On October 5, an announcement was made that there was an agreement in principle on the Trans-Pacific Partnership ("TPP") trade deal. The draft text of the agreement has not yet been made public, and its details are still sparse, except in certain politically sensitive areas. There remains much below the surface that is not yet known.

The TPP seeks to establish a free trade area covering twelve countries. Alphabetically these are: Australia, Brunei Darussalam, Canada, Chile, Japan, Malaysia, Mexico, New Zealand, Peru, Singapore, the United States and Vietnam. It has been estimated that the deal will cover 800 million consumers in a combined market of $28.5 trillion, representing 40% of global consumption.

The TPP focuses on free trade in goods and services, with a particular emphasis on removal of tariff barriers and facilitating trade in services. The agreement also contemplates rules for the development of technical regulations, standards and conformity assessment procedures as well as rules for the development, adoption, and implementation of sanitary and phytosanitary measures. In many respects, however, the TPP trade arrangement has more limited coverage than other Canadian trade arrangements such as NAFTA, and the Comprehensive Economic Trade Agreement ("CETA") recently concluded with the European Union. In particular, the provisions for administrative cooperation to standardize rules applicable to mutual recognition of standards and resolving technical barriers to trade seem to be less comprehensive.

The negotiators agreed on a dispute resolution procedure, apparently modeled on arrangements under NAFTA, but it is unclear as to the extent of the scope of panel jurisdiction under the TPP. For example, there are provisions for investor protection, but it is not yet clear how the agreed non-conforming measures will limit investor rights.

The TPP is likely to be beneficial to Canadian exporters, since Canada has had traditionally lower tariffs on imports (other than in the dairy and poultry sectors), compared to many of the potential free trade partners. This means that tariff barriers in certain TPP countries that are much higher than those in Canada will eventually be removed on most goods.

The TPP does seem to contemplate an asymmetrical reduction in tariffs, depending on political sensitivities in each country. The timeline for duty removal varies by country and by product. Some tariffs will be removed immediately, but others are to be phased out over periods ranging up to twenty-five years.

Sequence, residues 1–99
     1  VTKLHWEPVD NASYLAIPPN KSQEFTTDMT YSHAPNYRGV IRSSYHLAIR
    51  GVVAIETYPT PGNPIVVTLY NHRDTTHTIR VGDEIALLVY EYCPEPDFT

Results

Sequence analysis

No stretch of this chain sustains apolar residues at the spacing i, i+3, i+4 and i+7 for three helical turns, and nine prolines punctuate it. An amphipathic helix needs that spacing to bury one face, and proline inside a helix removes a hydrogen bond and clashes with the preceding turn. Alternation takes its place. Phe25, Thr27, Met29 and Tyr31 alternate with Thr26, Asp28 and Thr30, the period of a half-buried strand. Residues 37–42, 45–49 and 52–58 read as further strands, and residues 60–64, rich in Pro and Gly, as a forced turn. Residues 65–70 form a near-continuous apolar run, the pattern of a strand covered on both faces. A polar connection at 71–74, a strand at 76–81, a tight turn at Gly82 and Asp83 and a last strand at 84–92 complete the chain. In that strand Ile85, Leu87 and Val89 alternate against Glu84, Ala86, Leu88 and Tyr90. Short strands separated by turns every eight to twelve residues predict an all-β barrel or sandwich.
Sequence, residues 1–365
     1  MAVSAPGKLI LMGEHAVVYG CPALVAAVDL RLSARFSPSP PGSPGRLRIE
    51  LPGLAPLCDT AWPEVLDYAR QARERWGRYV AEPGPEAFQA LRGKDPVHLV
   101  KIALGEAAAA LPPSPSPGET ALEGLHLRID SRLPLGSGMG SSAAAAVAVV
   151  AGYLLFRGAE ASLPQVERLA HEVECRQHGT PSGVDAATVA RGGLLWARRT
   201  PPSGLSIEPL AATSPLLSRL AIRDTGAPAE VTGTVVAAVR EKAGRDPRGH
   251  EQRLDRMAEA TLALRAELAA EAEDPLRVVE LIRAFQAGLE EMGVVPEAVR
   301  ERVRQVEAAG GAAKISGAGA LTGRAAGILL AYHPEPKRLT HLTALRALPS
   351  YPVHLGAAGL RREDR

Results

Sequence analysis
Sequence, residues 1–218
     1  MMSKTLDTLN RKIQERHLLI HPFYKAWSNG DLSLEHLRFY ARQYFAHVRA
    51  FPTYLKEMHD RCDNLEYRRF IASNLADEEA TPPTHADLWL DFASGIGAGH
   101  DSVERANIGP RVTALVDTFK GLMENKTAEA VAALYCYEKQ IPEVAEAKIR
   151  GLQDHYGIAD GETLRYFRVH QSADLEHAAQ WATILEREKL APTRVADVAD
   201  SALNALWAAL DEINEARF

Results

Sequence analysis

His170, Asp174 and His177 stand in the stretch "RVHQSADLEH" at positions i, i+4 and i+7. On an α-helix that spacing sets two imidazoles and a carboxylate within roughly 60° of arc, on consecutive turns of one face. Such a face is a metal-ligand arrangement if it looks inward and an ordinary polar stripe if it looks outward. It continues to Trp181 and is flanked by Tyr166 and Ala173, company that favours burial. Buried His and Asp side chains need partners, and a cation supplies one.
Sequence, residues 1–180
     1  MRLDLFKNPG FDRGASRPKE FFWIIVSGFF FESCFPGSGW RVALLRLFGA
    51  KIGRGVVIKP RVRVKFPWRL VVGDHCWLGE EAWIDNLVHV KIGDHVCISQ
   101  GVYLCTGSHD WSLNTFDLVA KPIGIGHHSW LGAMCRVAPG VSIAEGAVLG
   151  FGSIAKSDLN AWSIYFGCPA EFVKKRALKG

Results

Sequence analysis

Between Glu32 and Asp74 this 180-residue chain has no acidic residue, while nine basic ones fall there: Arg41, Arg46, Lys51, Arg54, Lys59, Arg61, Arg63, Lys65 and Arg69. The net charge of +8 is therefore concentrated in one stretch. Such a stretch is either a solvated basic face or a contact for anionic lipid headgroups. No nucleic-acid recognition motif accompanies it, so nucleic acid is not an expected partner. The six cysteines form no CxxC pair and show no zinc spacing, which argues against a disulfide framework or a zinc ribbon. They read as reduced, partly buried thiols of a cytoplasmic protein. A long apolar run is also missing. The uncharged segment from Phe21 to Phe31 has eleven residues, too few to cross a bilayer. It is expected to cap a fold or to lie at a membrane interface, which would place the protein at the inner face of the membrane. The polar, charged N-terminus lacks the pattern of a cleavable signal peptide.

The agri-food business in Canada is seen as a major beneficiary of the agreement, particularly for pulses, grains, beef, and pork products. Other Canadian sectors that may also benefit include financial services, fish and seafood, forestry and value-added wood products, as well as industrial goods and consumer products.

The most vocal concerns in Canada were raised by the supply-managed agricultural sector and the automotive sector. The supply-managed poultry and dairy industries will continue to maintain their ability to control supply (and pricing) in the Canadian market, subject only to small increases in permissible duty free import quotas. While the method of quota allocation is not specified, TPP agricultural exporters will be allowed duty free exports up to 3.25% of the Canadian dairy market, and duty free access for poultry ranging between 1.5% and 2.3% of the Canadian market depending on the nature of the product. These supply-managed industries will be eligible for up to $4.3 billion over fifteen years as income support to offset the "loss" of market share in Canada.

The Canadian automotive sector also expressed reservations about TPP. A prime concern would be Japanese automobiles and the removal of the 6.1% tariff rate over five years. At the same time, "within-TPP" content required for preferential tariff treatment under the agreement would be set at 45%. In other words only 45% of the content for vehicles and key Canadian-produced vehicle parts would have to be from a TPP country to enjoy the new tariff treatment. This compares with the 62.5% content requirement under NAFTA. The 45% rule will reportedly replace the current 62.5% rule for NAFTA on ratification of the TPP. The comparability of these numbers is unclear since the special-accounting method for TPP content has not yet been disclosed.

The concern, particularly amongst Canadian auto parts producers, was that this change would allow for more imported parts in Canadian-built vehicles. This concern, though real, may have been somewhat short-sighted. If Canada had not joined the TPP, its inputs into American and Mexican automobiles would no longer have counted as TPP-qualified content on exports of vehicles from those two countries.

The next step will be ratification in each of the TPP countries. This will obviously require that details of the agreement be finalized and disclosed to the extent necessary to allow informed consent by the legislatures of all twelve countries.

Canada's participation in the TPP is in keeping with its ongoing leadership in the liberalization of global trade. With ratification of the TPP, Canada will have free trade arrangements with 51 different countries covering 60% of the world's economy. As previous trade agreements have demonstrated, every new step in the direction of free trade has brought benefits to Canadian consumers and Canadian industry.